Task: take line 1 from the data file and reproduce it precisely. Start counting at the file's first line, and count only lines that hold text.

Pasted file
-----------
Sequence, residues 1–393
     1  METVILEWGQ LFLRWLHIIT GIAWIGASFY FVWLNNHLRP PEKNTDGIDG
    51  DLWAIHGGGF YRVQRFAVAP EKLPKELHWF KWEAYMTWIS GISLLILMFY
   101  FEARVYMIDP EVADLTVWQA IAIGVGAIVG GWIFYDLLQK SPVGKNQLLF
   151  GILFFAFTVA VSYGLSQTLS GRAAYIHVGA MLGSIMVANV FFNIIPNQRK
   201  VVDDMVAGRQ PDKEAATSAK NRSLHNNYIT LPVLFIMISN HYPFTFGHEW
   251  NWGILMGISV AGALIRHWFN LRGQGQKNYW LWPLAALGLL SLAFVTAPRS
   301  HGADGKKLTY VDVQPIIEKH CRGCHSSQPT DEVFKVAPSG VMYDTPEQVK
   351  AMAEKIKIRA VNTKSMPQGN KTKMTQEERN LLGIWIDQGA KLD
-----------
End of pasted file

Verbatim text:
Sequence, residues 1–393